Screen Queens: Bette Davis

 

Bette Davis: Queen of Strength

Bette Davis was strong, stubborn and fiercely independent. For this, she will forever be a beloved Gay Icon.

Bette Davis at her sassy best in All About Eve (1950, Joseph. L. Mankiewicz)

Bette Davis lived in a different era. Women, for the most part, were expected to be demure, submissive creatures – always polite, always accommodating. And this may have worked for some woman but not for Davis. Davis had different ideas, her own ideas. She wouldn’t be content waiting on the sidelines, letting others make her life decisions for her. You see, Davis wanted to become something more than just an actress. Davis wanted to become a star. And to do that, Davis had to be her own woman.

Bette Davis in the film that solidified her status as camp icon, What Ever Happened to Baby Jane (1962, Robert Aldrich director)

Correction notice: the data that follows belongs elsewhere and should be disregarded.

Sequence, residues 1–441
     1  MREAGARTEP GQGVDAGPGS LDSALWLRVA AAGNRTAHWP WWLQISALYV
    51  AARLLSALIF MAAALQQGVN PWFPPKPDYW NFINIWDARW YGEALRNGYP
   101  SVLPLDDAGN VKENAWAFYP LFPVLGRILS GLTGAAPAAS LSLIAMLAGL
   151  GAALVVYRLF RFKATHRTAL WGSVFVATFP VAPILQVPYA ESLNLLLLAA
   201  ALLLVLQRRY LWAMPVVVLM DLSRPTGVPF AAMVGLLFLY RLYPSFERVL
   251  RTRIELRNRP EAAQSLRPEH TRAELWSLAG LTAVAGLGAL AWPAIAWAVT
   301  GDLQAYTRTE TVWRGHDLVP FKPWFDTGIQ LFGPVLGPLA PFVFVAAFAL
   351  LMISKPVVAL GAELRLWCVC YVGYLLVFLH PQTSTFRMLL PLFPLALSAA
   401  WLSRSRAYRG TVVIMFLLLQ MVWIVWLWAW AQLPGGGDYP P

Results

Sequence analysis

The Bette Davis the world remembers and loves was a larger than life, quick witted, almost brutal woman whose will to stardom knew no bounds…and that’s just her on screen persona. In reality, while the real Bette Davis still displayed the before mentioned traits, she was incredibly vulnerable while showing great strength through adversity.  She was a woman who made her own decisions, and her own mistakes, on her own terms. She wasn’t going to live by a societal code that kept her from getting what she wanted. She was the type of star that gay men at the time could both idolize and identify with. Today, she is remembered by the gay community as a pillar of personal strength in a time of great societal strife. For this, Bette Davis is a Screen Queen.

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Minoo Allen for Classic Movie Hub

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